The lawsuit against Bolton accuses him of breaking his contract by backing out of the National Security Council’s ongoing vetting process to determine whether his book contains classified information that needs to be redacted or edited down.
The NSC “quickly identified significant quantities of classified information that it asked Defendant to remove,” the complaint said. “An iterative process between NSC Staff and Defendant then began, as required by the binding agreements he signed, with changes to the book and other information being securely passed between Defendant and NSC staff. Soon, though, Defendant apparently became dissatisfied at the pace of NSC’s review.”
The suit alleges that instead of waiting for the process to conclude, Bolton “decided to take matters into his own hands.”
On June 7, “without Defendant giving any prior notice to the NSC, press reports revealed that Defendant and his publisher had resolved to release the book on June 23, without completing the pre-publication review process,” the lawsuit said.
Legal experts say that despite the president’s threats, the administration’s legal efforts against Bolton would likely be unsuccessful.
“This attempt by the Trump administration to block the publication of John Bolton’s memoir is doomed to fail,” the American Civil Liberties Union said in a statement after the lawsuit was filed.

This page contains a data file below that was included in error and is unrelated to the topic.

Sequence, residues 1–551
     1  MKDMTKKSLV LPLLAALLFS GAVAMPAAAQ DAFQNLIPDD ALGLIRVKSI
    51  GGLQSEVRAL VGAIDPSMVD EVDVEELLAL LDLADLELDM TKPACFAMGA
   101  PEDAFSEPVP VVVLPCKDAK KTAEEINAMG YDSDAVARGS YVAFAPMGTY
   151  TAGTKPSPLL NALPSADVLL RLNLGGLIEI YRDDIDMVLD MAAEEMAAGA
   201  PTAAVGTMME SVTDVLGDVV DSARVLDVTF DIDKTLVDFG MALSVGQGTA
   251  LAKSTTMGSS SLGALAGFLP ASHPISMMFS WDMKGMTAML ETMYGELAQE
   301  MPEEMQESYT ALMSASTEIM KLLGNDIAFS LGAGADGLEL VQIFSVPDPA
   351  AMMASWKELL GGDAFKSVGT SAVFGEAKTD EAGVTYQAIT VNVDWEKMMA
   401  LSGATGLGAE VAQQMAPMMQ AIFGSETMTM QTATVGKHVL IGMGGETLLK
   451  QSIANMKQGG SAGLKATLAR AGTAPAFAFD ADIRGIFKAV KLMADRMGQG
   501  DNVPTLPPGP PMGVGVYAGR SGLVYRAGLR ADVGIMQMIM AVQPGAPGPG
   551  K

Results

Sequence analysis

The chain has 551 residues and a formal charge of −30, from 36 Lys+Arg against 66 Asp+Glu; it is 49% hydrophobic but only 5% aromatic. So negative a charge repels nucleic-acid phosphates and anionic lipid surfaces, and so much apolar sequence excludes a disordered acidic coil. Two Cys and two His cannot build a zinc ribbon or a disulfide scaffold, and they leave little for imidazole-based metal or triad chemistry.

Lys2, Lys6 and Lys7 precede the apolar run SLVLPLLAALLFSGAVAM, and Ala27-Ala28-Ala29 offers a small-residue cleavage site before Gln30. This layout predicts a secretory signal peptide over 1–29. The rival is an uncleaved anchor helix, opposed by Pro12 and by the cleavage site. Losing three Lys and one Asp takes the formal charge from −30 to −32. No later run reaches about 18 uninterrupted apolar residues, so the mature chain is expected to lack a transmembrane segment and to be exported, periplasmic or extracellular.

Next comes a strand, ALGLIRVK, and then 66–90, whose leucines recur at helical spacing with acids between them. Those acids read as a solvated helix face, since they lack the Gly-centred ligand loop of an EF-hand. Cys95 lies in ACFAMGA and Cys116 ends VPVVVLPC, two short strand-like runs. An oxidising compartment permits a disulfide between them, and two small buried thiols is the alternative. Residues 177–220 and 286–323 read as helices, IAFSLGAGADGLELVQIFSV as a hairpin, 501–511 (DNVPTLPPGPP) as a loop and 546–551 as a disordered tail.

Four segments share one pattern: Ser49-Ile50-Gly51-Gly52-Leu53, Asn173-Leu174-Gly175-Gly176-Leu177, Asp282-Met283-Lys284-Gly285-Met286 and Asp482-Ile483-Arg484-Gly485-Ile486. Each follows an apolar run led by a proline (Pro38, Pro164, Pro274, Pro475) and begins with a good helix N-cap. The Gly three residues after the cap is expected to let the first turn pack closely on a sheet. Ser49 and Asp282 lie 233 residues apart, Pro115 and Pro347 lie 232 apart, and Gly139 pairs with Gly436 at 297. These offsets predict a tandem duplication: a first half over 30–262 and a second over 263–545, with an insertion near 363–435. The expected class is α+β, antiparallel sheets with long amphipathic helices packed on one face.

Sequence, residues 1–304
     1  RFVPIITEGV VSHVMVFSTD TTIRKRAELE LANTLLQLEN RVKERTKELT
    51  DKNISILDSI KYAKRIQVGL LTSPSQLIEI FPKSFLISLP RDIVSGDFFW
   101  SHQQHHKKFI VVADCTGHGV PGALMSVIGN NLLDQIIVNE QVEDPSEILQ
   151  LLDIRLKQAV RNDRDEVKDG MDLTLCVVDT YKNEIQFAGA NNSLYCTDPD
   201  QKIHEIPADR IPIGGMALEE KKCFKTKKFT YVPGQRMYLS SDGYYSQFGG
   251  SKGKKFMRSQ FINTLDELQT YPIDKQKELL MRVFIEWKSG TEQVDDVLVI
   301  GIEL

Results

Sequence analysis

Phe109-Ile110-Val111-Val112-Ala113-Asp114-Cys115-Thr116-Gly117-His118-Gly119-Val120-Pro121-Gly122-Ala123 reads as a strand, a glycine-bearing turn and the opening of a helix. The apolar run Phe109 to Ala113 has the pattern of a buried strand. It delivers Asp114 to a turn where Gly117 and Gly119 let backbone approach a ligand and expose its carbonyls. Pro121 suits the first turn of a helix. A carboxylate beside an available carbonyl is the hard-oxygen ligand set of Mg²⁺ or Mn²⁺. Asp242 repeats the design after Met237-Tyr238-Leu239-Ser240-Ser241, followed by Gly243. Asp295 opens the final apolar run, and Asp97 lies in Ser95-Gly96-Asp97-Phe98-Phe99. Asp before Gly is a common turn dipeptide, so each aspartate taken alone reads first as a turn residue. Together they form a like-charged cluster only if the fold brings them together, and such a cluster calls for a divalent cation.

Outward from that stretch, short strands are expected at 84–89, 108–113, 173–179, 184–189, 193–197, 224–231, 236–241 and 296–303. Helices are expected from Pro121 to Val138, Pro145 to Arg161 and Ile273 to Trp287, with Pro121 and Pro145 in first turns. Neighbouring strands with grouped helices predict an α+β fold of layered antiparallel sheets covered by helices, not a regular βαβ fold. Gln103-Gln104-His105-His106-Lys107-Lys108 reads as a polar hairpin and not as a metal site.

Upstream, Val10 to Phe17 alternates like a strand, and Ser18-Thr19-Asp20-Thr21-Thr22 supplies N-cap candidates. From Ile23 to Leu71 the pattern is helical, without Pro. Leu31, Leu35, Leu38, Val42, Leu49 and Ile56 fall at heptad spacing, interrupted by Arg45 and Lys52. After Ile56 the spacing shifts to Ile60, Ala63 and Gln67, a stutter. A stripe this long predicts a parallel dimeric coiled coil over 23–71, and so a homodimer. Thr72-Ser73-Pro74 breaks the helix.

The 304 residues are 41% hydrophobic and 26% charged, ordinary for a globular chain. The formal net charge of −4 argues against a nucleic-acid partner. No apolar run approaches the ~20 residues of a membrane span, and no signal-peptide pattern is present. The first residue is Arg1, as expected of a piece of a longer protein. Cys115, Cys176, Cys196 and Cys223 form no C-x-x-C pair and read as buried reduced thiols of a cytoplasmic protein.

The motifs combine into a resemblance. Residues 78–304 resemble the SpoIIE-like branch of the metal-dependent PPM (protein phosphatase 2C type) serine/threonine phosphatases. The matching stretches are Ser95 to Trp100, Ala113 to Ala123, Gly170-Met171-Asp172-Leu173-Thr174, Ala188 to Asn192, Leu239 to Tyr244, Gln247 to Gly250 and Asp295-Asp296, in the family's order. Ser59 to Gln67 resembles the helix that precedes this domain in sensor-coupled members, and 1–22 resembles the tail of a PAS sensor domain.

The Supreme Court rejected the Nixon administration’s attempt to block the release of the Pentagon Papers in 1971, “and since then it has been firmly established that prior restraints on publication are unconstitutional and un-American,” the statement added.
In this case, the ACLU said, the Trump administration’s threats “have nothing to do with safeguarding national security, and everything to do with avoiding scandal and embarrassment.”
Bolton was widely viewed as a potential star witness in Trump’s impeachment hearings and subsequent Senate trial last year and early this year, thanks to his perch atop the White House’s national security apparatus and his place within Trump’s inner circle.
His lawyer Chuck Cooper indicated in a letter to Congress that the former national security adviser knew more than what had already been revealed during Trump’s impeachment.
Bolton “was personally involved in many of the events, meetings, and conversations about which you have already received testimony, as well as many relevant meetings and conversations that have not yet been discussed in the testimonies thus far,” Cooper wrote.